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I am a child psychiatrist who works primarily with children with neurodevelopmental disorders such as ADHD and autism as well as with children with known genetic conditions ("neurogenetic syndromes" such as Noonan syndrome and other Rasopathies, Turner syndrome, 22q11.2 deletion syndrome). I gained my training as a child psychiatrist at Tel Aviv University in Israel. I have completed a postdoctoral research fellow in neuroscience at the Center for Interdisciplinary Brain Sciences Research at the Department of Psychiatry and Behavioral Sciences at Stanford University. Currently, I am an Assistant Professor at the department. My research focus is on human genetic models for neurodevelopmental disorders. One of my Lab's interests is the Rasopathies, a collection of syndromes associated with genetic mutations affecting the Ras/MAPK pathway. These studies are directed at uncovering neural correlates associated with deficits in attention, memory, and social skills in this syndrome. Results for this ongoing research also have the potential to yield valuable new insights into the role of the Ras/MAPK pathway in brain development in general, and attention, memory, and social skills.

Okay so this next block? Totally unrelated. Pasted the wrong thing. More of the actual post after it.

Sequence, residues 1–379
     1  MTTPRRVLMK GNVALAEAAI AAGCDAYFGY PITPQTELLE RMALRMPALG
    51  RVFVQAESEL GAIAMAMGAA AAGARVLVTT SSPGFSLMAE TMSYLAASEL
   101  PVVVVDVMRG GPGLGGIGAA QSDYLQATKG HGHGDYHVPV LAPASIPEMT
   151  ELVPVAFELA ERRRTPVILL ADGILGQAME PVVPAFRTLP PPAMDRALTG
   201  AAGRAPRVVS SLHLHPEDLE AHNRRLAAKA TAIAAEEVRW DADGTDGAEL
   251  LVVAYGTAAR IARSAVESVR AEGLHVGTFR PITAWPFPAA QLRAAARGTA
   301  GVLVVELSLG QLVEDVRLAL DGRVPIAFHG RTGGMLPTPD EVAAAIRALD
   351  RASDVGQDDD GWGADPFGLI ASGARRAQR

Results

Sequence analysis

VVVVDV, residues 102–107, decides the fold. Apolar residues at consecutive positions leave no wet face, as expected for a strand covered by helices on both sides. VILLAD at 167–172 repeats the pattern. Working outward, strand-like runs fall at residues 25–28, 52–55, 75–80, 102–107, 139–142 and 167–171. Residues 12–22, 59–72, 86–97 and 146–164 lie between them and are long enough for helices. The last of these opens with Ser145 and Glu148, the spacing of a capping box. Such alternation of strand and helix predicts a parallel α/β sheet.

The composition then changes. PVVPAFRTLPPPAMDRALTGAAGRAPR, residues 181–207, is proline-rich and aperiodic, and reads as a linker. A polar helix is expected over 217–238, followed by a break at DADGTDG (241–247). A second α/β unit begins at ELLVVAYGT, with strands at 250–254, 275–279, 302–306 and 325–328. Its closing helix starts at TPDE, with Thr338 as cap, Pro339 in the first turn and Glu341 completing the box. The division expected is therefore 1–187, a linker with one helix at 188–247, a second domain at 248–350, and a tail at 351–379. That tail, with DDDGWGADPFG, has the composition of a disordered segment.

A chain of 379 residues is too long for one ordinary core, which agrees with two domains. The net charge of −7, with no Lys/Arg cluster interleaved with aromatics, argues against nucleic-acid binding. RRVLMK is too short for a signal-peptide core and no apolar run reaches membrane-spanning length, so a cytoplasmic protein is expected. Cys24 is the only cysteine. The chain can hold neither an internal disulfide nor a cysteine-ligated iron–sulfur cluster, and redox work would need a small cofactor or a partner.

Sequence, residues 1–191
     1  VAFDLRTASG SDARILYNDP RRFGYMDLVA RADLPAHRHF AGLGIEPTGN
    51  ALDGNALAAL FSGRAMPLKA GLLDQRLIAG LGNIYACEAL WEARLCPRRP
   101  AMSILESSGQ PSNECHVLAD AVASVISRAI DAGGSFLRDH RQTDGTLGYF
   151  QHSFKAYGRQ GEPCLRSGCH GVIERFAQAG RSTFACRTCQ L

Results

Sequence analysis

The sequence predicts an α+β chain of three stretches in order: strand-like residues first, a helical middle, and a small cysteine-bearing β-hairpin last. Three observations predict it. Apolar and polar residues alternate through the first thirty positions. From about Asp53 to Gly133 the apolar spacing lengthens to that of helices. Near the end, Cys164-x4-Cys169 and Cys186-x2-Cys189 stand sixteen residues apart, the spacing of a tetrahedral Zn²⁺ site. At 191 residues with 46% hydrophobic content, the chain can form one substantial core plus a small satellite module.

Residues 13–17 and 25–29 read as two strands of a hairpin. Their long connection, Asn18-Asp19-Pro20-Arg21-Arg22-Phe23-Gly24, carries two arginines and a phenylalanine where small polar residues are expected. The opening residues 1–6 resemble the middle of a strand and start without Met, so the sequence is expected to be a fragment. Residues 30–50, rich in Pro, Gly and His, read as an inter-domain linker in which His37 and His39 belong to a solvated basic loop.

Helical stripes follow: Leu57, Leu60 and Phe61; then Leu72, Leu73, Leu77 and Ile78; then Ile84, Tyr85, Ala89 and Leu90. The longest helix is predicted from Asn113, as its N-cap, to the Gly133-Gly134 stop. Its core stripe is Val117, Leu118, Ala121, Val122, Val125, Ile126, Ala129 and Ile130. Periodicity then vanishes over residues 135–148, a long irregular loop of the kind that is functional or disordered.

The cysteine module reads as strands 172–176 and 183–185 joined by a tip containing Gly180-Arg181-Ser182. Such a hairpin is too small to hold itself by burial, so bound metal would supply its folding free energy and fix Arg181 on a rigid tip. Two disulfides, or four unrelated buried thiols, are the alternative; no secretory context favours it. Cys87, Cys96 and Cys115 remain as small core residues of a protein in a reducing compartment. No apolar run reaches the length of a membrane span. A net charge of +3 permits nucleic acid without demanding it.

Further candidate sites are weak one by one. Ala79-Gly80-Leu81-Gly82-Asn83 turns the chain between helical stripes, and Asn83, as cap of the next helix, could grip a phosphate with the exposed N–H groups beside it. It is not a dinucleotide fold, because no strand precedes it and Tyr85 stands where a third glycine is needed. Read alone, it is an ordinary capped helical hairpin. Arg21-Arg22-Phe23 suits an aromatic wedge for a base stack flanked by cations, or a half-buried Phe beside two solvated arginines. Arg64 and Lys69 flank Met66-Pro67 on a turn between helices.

The Brain Imaging, Development, and Genetic (BRIDGE) Lab focuses on disorders associated with child development, such as attention deficits, hyperactivity, and autism spectrum disorders. We apply two unique approaches in our research. Initially, we take a "genetic first" approach studying children with known genetic conditions who present with attention problems, hyperactivity, and deficits in social cognition. This approach contrasts with traditional research focused on the genetic causes of developmental disorders. Second, we apply in-depth phenotyping of the child's brain, genes, and behavior using brain imaging, genetic testing, and behavioral assessment. Consequently, we aim to uncover biological principles of how genetic variation and its associated downstream pathways affect children's developmental disorders.